One of the biggest problems in the world of e-commerce is the situation of shopping cart abandonment – when shoppers don’t get what they want fast enough, either to find the right item or to pay for it quickly and easily. . – bounce. That singular issue is driving a wave of tech development to make the experience more and more seamless, and today one of the companies closely involved in that space is announcing some funding thanks to healthy growth.
Builder, which has developed technology that powers product discovery and search tools for e-commerce businesses, has raised $ 55 million in a Series A funding round. Builder says it drives “billions” of inquiries each month , with revenues that grew 233% in the last year. Clients he works with include Sephora, Walmart’s Bonobos, Backcountry, and many other big names.
The round is being led by Silversmith Capital Partners, who coincidentally, just today, spearheaded another round for an e-commerce startup, Zonos.
Added to this is a long list of notable individual investors. Among them are David Fraga, former president of InVision; Kevin Weil, former product manager for Twitter and Instagram; Jason Finger, founder of Seamless; Carl Sparks, former CEO of Travelocity; Robyn Peterson, CNN’s chief technology officer; Dave Heath, founder of Bombas; Ryan Barretto, president of Sprout Social; Melody Hildebrandt, FOX Engineering EVP and CISO; Zander Rafael, co-founder of Better.com; and Seth Shaw, CRO of Airtable. The Cap Table Coalition, a company that helps underrepresented fund investors support new startups, also participated. Fraga joins the builders board with this round.
The last year and a half has been a great one for the world of e-commerce, with more traffic, transactions and online retailers in the wake of social distancing measures affecting physical and in-person purchases. But that has also exposed a lot of the cracks in how e-commerce works (or doesn’t work, as the case may be).
One of the most dysfunctional areas is search and discovery. As most of us have unfortunately learned first-hand, when we search for things in the search window of an online store, it almost always happens that the results do not have what we want.
When we browse as we would in a physical store, because we are not sure what we want, too often we are not asked for images of things that we would really like to buy. They may be there (we usually visit sites because we already know them or have seen something we like elsewhere), but nevertheless, finding what we would really like to buy can take a long time, and in many cases it may never be. happen in Alles.
Eli Finkelshteyn, CEO and founder of Constructor, says that one of the problems is that search and discovery are often constructed as static experiences – they are designed to meet a one-size-fits-all model where site architects have effectively guessed what is a buyer. could want, and built for that. This is an area that Constructor has reconsidered, specifically by making search and discovery more dynamic and responsive to what happened before visiting a site.
“One of the things that is wrong with product discovery is that sites prescriptively show you what they think is valuable to you,” he said. “We believe that the process should be descriptive.”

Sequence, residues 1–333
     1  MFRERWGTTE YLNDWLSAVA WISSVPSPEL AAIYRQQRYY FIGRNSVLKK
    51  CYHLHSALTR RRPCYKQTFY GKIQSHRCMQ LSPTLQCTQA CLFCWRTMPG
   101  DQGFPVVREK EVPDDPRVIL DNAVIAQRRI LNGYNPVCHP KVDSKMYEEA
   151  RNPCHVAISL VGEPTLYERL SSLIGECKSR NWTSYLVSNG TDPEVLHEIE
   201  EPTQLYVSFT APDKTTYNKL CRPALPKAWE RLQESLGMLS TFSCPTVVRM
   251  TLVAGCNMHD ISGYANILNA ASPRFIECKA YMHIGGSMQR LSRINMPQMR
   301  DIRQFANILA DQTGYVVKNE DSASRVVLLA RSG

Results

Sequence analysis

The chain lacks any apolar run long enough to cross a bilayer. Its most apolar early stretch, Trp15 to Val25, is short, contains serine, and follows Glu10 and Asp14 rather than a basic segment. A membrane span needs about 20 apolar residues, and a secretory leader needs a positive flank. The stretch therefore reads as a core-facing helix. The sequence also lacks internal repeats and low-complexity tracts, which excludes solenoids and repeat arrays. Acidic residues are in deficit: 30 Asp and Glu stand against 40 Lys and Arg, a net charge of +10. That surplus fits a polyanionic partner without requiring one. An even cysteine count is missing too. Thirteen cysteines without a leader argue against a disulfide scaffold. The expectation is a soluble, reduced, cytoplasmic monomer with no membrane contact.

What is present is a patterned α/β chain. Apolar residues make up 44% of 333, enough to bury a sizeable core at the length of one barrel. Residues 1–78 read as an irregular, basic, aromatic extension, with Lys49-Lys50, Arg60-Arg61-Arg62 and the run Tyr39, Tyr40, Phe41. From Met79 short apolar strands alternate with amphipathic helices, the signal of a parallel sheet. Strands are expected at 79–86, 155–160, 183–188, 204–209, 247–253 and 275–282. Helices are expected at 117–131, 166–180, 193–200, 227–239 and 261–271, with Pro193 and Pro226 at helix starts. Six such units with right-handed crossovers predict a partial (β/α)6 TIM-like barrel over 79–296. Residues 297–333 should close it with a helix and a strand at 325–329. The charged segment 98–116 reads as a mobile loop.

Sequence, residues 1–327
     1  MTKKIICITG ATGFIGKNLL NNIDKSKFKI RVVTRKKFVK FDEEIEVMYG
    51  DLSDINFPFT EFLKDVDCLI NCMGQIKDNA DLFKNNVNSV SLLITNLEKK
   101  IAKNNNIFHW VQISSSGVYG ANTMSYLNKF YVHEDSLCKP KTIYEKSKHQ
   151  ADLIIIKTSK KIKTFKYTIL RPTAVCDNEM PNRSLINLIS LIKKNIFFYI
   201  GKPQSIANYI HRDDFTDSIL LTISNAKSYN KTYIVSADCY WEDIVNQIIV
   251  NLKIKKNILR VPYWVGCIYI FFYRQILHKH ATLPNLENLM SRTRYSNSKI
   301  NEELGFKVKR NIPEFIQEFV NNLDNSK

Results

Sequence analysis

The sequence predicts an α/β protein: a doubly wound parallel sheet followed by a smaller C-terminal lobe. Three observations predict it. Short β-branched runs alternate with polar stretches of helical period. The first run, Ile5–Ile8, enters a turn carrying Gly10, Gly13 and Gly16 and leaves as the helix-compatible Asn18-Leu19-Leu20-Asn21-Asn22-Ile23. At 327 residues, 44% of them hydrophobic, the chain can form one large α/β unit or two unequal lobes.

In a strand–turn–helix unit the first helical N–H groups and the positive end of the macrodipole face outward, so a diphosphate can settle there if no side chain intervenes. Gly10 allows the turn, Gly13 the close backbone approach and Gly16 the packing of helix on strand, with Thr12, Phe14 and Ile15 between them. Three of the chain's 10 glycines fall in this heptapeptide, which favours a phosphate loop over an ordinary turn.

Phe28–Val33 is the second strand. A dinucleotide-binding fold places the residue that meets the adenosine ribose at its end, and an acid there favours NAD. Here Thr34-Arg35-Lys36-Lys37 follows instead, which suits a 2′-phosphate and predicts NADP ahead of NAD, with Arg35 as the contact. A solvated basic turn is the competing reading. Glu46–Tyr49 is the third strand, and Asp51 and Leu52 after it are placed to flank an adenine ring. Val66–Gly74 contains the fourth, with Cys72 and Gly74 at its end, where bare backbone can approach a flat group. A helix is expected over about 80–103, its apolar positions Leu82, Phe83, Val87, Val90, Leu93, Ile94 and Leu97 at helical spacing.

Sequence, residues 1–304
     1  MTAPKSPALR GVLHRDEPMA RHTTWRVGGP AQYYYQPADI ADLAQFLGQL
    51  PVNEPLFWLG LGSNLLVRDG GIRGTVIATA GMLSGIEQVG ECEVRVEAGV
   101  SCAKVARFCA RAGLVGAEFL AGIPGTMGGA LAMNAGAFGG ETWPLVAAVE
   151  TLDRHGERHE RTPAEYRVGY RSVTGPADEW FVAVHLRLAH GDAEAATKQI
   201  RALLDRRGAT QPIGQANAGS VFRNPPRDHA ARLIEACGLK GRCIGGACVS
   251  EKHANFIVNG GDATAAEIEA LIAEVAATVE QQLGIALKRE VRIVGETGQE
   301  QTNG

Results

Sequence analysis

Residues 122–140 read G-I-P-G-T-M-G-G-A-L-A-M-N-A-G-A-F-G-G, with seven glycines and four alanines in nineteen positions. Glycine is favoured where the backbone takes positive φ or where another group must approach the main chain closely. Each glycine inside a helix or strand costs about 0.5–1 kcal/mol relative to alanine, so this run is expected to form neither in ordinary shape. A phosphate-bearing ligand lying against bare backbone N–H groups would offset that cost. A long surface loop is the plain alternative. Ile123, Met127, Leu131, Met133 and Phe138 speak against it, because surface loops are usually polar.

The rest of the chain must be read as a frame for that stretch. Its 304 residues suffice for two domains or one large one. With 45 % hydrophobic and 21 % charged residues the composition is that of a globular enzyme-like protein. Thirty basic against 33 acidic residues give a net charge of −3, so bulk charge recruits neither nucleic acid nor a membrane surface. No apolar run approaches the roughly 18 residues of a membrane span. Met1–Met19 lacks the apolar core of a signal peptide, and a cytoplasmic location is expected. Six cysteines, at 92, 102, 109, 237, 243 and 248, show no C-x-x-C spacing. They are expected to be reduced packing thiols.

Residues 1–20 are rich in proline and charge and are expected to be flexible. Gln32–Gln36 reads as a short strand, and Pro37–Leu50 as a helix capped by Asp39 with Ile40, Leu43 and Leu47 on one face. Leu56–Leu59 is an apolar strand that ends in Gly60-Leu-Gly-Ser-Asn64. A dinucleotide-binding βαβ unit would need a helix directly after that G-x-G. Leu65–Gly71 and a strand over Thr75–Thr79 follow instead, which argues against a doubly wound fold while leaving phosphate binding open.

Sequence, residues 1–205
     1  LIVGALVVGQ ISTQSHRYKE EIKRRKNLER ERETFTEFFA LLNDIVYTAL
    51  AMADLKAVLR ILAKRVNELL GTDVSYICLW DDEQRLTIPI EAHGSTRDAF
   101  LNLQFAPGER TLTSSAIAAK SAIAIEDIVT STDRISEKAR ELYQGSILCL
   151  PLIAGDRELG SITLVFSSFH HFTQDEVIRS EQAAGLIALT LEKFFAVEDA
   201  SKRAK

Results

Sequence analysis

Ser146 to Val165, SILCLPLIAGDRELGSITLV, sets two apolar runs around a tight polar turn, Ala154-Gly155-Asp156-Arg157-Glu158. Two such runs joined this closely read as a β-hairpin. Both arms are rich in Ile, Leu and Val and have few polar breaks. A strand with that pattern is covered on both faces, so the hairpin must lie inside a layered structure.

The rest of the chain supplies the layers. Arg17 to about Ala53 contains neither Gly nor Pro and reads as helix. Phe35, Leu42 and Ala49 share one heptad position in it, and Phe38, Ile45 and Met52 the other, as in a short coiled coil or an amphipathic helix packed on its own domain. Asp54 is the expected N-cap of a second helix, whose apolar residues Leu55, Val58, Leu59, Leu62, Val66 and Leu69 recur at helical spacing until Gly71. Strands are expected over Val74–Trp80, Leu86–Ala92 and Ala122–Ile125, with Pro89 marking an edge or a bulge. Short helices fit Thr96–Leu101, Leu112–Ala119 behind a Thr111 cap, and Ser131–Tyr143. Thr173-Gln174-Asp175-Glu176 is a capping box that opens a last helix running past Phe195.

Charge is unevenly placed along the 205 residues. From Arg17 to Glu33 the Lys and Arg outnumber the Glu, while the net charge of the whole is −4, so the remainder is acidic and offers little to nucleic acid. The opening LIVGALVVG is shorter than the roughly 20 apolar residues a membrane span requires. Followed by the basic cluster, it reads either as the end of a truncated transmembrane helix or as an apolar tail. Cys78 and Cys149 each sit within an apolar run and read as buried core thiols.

As an example, he talked about Cheetos. Sometimes people who want to buy them start by browsing to the French fries category. In many static searches, those results may not include Cheetos. Some people may abandon their search altogether (bounce), but some may turn away from that and specifically search for Cheetos and add them to their carts. In a more dynamic and descriptive environment, Finkelshteyn believes that these two streams should subsequently inform all future chip searches.
“We take into account all the data that we can learn from, and that list is always growing,” he said. “The goal is that everything we can learn from becomes part of the user experience.”
Google is the undisputed leader in the world of search today, and it also uses many dynamic tools based on artificial intelligence to learn and modify how you search and what results it produces.
Interestingly, you haven’t extended as much of this to third parties as you might think. The company closed its own site search product in 2017 and now if you search for it you will be redirected to the enterprise enterprise search suite.
However, there are others who have also stepped into that void to provide services that compete with Constructor, such as Algolia, Yext, Elasticsearch, and more. Finkelshteyn believes that among all of these, none has managed to provide a service like Constructor that constantly learns and adjusts its results based on search and browsing activity.
This is one of the reasons why the company has stood out among its clients and investors.
“Constructor has created a search and discovery platform that is really making a difference for enterprise retailers. They are providing customers with comprehensive and streamlined search and discovery that is unmatched in the market, ”said Sri Rao, Board Member of Constructor and General Partner of Silversmith Capital Partners, in a statement. “We are excited to partner with the Constructor team as they continue to revolutionize search and discovery capabilities for retailers across all platforms.”
Looking ahead, there will be some exciting opportunities ahead for Constructor to take its search and discovery tools to new frontiers. These could include ways to attract and account for shoppers on third-party platforms (Builder doesn’t currently push experiences on, say, social media, so it’s a potential area to explore), as well as more offline experiences. , critics as retailers and shoppers take more mixed approaches that can start online and end in stores, or proceed the other way around, or find users walking around with their phones to shop even when in physical stores.